Monday, February 28, 2011

Wachet auf, ruft uns die Tao

complex Tao level 1: Dissipative Tao

A second model for complexity at level 1 - chemical - has been developed by Ilya Prigogine on the thermodynamic of complex susystems far from equilibrium, particolarly on the so-called dissipative systems,  to be understood as an thermodynamical open system which works in a state far from thermodynamical equilibrium, exchanging energy, matter and/or entropy with the environment. Dissipative systems are characterized by spontaneous formation of  anisotropy, namely of complex and oredered patterns, sometimes chaotic. Sush sustems, when crossed by increasing flows of energy and matter, may also evolve, passing from instability phases and increasing the complexity of the structure (that is the order) and decreasing their entropy (negentropy).
The term dissipative system has been named by Prigogine at the end of the '60s, lwork for which he received the 1977 Nobel prize for chemistry. The contribution of Prigogine was that to bring attention toward the connection between order and energy dissipation, differently from the static and equilibrium situations generally studied until then, and contributing significantly to the birth of what today is called epistemology of complexity.
In recent years there has been developed a vocabulary of complexity with fterms like fluctuation, stability, phase transitions. All these terms refer to the problem of time, which was one of the problems studied since the beginning of Western civilization.
The existence of a physical time separated by a
philosophical time was a central issue for the concerns of many philosophers from Aristotle to Heidegger. The latter poses the question: what is time? He answered this question by saying that the time is difference, motion, it is a representation of the difference between what comes before and what comes after. This analysis was taken further by Heiddegger which defines a very strong difference between past and future. He emphasizes that it is not time as introduced by physicists to determine the difference. This explains the fact that science is not able to reach the essence in describing the universe.

Prigogine thinks that all the developments of science in the last decade have shown that time is an essential element of the physical universe. The fact that one is forced to speak of an evolving universe, because it is the only way to describe the events that are observed, is an evidence that the direction of time is not a creation of man but is inherent nature. That's why it is no longer possible to make a distinction between physical time and philosophical time.

According to Prigogine classical physics wanted to eliminate any reference to the history, the history was conceived as something that exists only because we do not understand the causes of a physical process. The universe, however, can not be attributed to independent events, it is not so simple. We also need stochastic events (probability, random, we need to reversibility. We need random events.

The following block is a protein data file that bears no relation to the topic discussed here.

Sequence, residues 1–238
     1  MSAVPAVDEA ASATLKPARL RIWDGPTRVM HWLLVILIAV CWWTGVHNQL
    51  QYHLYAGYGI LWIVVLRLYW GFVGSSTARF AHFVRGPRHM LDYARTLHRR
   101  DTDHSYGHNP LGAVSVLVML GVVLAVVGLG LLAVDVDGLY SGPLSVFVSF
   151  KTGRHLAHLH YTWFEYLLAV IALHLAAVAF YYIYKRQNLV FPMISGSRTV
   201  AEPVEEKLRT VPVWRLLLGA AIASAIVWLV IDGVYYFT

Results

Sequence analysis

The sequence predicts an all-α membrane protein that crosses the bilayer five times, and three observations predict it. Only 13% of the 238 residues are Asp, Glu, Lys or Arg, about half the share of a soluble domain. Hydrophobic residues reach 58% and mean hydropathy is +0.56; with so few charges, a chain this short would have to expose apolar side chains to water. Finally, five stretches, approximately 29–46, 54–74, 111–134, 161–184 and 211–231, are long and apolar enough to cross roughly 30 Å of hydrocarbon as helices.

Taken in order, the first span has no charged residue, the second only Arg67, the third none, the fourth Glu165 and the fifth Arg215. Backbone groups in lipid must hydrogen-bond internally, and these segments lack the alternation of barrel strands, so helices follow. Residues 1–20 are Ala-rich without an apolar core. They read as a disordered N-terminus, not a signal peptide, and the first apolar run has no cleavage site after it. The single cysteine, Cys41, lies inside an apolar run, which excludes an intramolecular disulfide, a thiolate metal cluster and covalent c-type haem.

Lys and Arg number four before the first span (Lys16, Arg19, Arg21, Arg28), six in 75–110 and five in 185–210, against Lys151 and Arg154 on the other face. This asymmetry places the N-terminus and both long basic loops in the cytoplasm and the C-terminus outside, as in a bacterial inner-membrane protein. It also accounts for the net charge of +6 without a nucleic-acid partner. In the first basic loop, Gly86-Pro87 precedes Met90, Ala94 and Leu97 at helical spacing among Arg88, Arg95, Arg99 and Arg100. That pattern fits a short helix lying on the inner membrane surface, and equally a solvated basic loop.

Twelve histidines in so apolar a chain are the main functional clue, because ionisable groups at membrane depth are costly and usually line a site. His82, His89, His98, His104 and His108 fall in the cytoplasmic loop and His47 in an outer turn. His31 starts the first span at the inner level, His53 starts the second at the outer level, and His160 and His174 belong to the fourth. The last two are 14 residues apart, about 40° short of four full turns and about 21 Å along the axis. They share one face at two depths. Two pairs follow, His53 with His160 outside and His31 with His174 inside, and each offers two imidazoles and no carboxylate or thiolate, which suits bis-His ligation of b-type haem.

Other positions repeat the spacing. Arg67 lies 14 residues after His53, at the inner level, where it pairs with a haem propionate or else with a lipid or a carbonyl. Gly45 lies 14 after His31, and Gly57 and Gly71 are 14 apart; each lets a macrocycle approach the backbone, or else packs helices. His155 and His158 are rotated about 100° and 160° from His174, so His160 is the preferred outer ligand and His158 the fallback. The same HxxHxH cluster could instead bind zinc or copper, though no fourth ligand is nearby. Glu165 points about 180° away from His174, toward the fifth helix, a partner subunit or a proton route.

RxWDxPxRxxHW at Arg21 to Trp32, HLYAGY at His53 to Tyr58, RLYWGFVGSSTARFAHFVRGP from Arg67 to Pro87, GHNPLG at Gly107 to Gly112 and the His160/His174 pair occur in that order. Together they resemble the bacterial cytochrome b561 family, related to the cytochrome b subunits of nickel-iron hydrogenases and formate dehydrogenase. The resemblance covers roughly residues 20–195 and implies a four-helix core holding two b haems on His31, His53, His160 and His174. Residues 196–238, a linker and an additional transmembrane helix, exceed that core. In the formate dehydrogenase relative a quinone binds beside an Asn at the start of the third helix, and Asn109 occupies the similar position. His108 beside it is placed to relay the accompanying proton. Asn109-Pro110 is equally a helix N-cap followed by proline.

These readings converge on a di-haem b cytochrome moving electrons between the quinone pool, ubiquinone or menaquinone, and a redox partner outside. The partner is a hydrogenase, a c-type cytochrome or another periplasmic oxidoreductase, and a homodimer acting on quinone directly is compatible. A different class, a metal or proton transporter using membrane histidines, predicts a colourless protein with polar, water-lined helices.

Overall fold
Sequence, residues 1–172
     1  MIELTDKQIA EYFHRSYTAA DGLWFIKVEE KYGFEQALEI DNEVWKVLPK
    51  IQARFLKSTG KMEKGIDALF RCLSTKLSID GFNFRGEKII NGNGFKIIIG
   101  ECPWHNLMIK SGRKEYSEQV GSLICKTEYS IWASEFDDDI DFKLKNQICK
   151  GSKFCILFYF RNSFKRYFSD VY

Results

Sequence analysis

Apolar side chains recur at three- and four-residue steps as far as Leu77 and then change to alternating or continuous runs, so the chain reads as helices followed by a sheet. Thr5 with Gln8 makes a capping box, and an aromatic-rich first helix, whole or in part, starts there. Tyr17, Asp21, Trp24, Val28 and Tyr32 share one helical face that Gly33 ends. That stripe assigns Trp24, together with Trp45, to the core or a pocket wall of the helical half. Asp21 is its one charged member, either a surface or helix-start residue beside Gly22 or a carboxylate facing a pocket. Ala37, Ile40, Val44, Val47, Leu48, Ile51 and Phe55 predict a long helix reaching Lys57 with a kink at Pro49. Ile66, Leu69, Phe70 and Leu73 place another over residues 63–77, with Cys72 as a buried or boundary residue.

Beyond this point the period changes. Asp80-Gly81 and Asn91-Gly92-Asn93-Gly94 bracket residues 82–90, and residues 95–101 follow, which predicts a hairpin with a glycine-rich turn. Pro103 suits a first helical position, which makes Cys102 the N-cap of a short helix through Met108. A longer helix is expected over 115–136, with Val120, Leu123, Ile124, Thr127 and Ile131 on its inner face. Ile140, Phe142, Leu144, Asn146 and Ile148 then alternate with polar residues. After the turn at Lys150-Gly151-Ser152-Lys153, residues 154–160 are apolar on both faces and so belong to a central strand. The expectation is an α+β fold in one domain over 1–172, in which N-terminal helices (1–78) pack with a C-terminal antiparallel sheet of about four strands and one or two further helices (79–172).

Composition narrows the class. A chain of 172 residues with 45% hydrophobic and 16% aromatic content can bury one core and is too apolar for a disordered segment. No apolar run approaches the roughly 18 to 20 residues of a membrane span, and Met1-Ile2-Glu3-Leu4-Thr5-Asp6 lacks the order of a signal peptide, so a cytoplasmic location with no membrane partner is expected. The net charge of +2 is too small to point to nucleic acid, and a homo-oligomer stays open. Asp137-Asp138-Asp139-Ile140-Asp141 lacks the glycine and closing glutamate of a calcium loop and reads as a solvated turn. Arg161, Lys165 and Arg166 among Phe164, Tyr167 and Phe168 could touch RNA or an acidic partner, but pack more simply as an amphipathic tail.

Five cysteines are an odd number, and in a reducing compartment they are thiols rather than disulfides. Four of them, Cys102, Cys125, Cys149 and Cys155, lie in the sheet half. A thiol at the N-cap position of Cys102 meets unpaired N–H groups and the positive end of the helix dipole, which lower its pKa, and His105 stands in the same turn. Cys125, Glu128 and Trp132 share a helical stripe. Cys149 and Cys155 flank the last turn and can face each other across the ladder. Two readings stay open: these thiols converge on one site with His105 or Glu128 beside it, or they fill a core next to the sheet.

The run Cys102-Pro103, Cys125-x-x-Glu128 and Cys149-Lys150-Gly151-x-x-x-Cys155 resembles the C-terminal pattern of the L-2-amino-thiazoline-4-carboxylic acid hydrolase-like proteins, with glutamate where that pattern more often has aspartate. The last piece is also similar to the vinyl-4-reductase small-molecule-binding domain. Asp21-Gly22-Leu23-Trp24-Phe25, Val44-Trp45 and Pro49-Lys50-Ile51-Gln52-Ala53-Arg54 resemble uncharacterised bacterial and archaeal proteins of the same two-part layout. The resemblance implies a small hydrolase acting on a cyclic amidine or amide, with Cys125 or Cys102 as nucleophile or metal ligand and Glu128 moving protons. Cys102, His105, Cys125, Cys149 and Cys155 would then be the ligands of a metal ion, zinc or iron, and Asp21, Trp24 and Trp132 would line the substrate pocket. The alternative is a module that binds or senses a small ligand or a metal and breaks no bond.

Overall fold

Prigogine claims a new scientific logic. On the basis of his view there is distrust on the classical idea that nature always follows the simplest way.
On the contrary, he argues that the operation of the machine-nature is due to the complexity of the irreversible processes. Prigogine comes to this idea analyzing the thermodynamical phenomenon known as entropy. In thermodynamics, entropy is a state function that is introduced with the second law of thermodynamics and which is interpreted as a measure of disorder of a physical system or the universe in general. According to this definition one can say, in a non-rigorous but explanatory form, that when a system moves from an ordered state to a disordered state its entropy increases.
In the historical evolution of the universe, there is indeed an exceptional event that denies the gradual transfer of energy from order to disorder (entropy. This event was the emergence of life on earth and the consequent existence of various forms of life characterized, like other irreversible processes, by self-organization. This latter is against the alleged balance of the natural order and thus against the anti-scientific idea of the simplicity of the phenomena, which should be contrasted with the complexity, that is necessarily the absence of energy balance (entropy) and physical disorder. It then develops the non-equilibrium physics with an underlying nonlinear dynamics. The most unexpected result of this is the awareness of the constructive role of non-equilibrium: far from equilibrium coherent states and complex structures are created that could not exist in a reversible world.
In this way, nature creates dissipative systems like living beings.


“The fact that during growth living organisms actually show a decrease of entropy production during evolution up to the stationary state … also, the fact that their organization generally increases during this evolution [which] corresponds to the decrease of entropy as studied [leads one to puzzle as to why] the behavior of living organisms has always seemed so strange from the point of view of classical thermodynamics; that the applicability of thermodynamics to such systems has often been questioned. One may say that from the point of view of the thermodynamics of open and stationary systems [nonequilibrium thermodynamics] a much better understanding of their principal features is obtained.”